cough

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Related to paroxysmal cough: pertussis, whooping cough

cough,

sudden, forceful expiration of air from the lungs caused by an involuntary contraction of the muscles controlling the process of breathing. The cough is a response to some irritating condition such as inflammation or the presence of mucus (sputum) in the respiratory tract, as in infectious disease, or to heavy dust or industrial or tobacco smoke. Coughing may also be a reflex action to factors outside the respiratory tract; diseases that are not respiratory in nature (e.g., congestive heart failure or mitral valve disease) often bring on coughing. If there is mucus or a foreign substance in the respiratory tract, the cough should not be hindered since by this action the offending matter is expelled from the body. If, however, the cough becomes exhausting, sedation is indicated.

Cough

 

a reflex act usually occurring as a result of the irritation of the mucous membrane in the respiratory tract during an inflammatory process caused by pathological products (for example, sputum) or foreign bodies. A cough is one of the principal indications of disease in the respiratory organs (larynx, trachea, bronchi, and lungs). The cough center in the brain can sometimes be stimulated without irritation of the respiratory tracts. This is the so-called nervous cough that occurs in cases of fear and embarrassment. A distinction is made between a dry cough (without the formation and secretion of sputum) and a wet cough (with sputum).

The cough stimulus begins by deep inhalation, followed by a tensing of the bronchial and all the respiratory muscles resulting in forced expulsion. In so doing, the rima glottidis is closed, and intrathoracic pressure rises sharply. With the opening of the rima glottidis, the air bursts forth from the respiratory tract, carrying with it the sputum that has accumulated in the bronchi and pulmonary alveoli, dust particles, and so forth. Thus, a cough can be beneficial in helping to cleanse the respiratory tract. However, a protracted and severe cough that occurs with infections of the pleura, liver, and some other organs is harmful to the organism, since a systematic elevation of the intrathoracic and intrabronchial pressure leads to the gradual formation of pulmonary emphysema and impedes the flow of blood through the veins to the heart. This can lead to cardiopulmonary insufficiency.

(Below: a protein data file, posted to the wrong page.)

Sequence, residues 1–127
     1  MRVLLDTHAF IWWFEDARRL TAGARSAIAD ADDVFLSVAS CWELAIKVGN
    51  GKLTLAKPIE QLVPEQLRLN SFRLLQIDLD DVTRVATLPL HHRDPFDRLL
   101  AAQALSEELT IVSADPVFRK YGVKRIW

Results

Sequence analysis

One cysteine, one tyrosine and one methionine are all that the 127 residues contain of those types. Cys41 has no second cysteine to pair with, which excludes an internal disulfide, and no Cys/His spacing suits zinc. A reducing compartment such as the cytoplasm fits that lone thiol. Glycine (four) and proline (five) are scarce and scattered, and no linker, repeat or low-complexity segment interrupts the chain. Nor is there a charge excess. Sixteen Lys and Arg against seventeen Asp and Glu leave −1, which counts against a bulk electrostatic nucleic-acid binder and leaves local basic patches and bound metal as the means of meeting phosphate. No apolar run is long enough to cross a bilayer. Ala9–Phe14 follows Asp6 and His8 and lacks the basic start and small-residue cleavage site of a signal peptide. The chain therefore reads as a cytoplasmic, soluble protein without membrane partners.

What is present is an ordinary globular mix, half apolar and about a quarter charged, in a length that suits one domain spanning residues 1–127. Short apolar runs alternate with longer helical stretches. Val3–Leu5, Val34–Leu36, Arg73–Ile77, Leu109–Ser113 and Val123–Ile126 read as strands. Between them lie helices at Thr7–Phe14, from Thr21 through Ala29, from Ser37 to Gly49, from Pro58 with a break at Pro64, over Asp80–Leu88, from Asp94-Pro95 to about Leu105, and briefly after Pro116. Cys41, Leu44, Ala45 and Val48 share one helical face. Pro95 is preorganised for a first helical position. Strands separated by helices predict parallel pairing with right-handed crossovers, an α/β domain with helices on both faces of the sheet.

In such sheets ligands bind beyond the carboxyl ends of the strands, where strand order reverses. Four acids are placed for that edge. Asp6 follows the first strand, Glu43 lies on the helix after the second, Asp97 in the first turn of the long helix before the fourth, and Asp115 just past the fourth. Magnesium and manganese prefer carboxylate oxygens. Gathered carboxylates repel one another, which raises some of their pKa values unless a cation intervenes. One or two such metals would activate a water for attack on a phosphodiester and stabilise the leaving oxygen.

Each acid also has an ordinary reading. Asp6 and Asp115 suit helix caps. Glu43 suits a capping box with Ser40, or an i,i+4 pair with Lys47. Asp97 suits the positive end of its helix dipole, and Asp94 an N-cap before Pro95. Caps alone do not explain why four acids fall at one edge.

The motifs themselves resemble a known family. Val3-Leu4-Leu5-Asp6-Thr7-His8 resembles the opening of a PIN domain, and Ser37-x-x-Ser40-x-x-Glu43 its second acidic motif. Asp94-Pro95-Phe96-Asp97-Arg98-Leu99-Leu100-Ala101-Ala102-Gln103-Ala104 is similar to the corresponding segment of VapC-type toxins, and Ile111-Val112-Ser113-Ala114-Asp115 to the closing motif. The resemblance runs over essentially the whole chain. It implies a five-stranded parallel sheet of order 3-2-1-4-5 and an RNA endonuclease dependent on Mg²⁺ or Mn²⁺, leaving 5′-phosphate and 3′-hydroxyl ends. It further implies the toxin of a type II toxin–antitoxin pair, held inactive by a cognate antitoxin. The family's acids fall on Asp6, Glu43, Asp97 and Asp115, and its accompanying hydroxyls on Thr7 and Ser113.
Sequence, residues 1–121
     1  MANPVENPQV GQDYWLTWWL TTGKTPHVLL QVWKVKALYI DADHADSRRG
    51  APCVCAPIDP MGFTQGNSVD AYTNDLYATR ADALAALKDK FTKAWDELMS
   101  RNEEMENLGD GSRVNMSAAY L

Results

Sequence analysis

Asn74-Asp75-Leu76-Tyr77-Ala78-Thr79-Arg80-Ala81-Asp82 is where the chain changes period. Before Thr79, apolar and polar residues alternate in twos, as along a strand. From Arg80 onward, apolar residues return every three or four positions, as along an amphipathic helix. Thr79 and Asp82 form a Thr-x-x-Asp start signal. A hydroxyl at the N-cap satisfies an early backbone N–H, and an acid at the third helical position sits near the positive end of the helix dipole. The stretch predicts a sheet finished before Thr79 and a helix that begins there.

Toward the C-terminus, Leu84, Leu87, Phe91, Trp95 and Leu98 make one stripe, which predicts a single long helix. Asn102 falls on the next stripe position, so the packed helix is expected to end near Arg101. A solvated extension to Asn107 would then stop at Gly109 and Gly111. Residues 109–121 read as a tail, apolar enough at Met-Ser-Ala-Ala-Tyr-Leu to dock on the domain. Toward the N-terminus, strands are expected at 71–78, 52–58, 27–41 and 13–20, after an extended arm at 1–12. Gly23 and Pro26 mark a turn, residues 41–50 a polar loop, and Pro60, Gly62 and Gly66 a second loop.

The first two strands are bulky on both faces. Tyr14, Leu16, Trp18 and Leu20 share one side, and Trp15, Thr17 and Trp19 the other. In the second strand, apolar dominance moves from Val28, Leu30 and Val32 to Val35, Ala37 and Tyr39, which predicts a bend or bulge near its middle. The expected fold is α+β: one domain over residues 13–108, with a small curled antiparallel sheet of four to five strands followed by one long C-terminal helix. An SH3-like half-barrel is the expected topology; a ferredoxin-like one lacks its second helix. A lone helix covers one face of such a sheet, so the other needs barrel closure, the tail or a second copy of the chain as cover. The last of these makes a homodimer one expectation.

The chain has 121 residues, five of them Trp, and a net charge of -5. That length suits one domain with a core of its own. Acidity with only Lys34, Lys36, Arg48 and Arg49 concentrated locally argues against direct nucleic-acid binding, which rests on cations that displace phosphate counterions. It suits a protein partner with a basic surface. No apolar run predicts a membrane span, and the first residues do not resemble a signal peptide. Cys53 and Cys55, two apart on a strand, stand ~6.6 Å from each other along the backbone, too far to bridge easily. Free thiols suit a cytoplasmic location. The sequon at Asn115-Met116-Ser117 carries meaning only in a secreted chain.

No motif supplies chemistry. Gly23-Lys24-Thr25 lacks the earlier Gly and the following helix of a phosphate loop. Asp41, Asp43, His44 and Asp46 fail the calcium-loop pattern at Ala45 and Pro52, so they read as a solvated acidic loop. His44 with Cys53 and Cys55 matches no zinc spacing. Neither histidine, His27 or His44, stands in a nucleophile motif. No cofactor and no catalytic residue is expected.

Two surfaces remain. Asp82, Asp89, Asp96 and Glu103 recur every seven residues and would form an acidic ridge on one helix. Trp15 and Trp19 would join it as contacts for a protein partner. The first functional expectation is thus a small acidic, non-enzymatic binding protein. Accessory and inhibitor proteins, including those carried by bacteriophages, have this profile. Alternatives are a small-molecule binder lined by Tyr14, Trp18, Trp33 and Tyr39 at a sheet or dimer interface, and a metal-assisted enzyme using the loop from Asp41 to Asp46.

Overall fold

Treatment is directed at the affliction that has caused thecough. With a wet cough, particularly if it is difficult to bring upthe sputum, expectorants are used; with a dry, persistent cough, cough suppressants are administered.

cough

[kȯf]
(medicine)
A sudden, violent expulsion of air after deep inspiration and closure of the glottis.
References in periodicals archive ?
Her cough changed to a pertussis-like, paroxysmal cough approximately the same time as her mother's cough onset.
Paroxysmal period (week 1-6): paroxysmal cough, inspiratory "whoop," post-tussive vomiting; pneumonia common among infants; infrequent manifestations include seizures.
In the infant's family, a third sibling, age 11 years, also had a paroxysmal cough of 4 to 5 weeks' duration.
pertussis in the two day-care centers had the typical course of pertussis infection, with 3 weeks of paroxysmal cough (Table) (1).
On January 17, the infant returned with persistent symptoms that had progressed during the preceding 2-3 days to include paroxysmal cough, breathing difficulty, and fever.
a paroxysmal cough illness lasting [greater than or equal to]21 days and confirmed by culture, serology; or epidemiologic link to a culture-positive household contact).
Many of the adults had the classic pertussis symptoms of childhood: 90% had paroxysmal cough, 26% had whooping, and 26% had posttussive vomiting.
paroxysmal cough, post-tussive vomiting, or inspiratory whoop) or [greater than or equal to] 14 days of cough in a person in an outbreak setting.
Physicians generally don't think of pertussis when an older child or adolescent has a severe, paroxysmal cough that is often followed by vomiting, and the coughing lasts more than 2 weeks, she said in an interview But because immunity acquired by vaccination wanes with age, pertussis is a distinct possibility.
prolonged or paroxysmal cough, bronchitis, influenza-like illness, pneumonia, and rapidly progressive pneumonia).
a paroxysmal cough illness lasting [equal to or greater than]21 days and confirmed by culture, serology, or epidemiologic link to a culture-positive household contact).
Because of persistent paroxysmal cough and episodes of cyanosis, apnea, and bradycardia, on June 8 he was transferred to a pediatric intensive-care facility.

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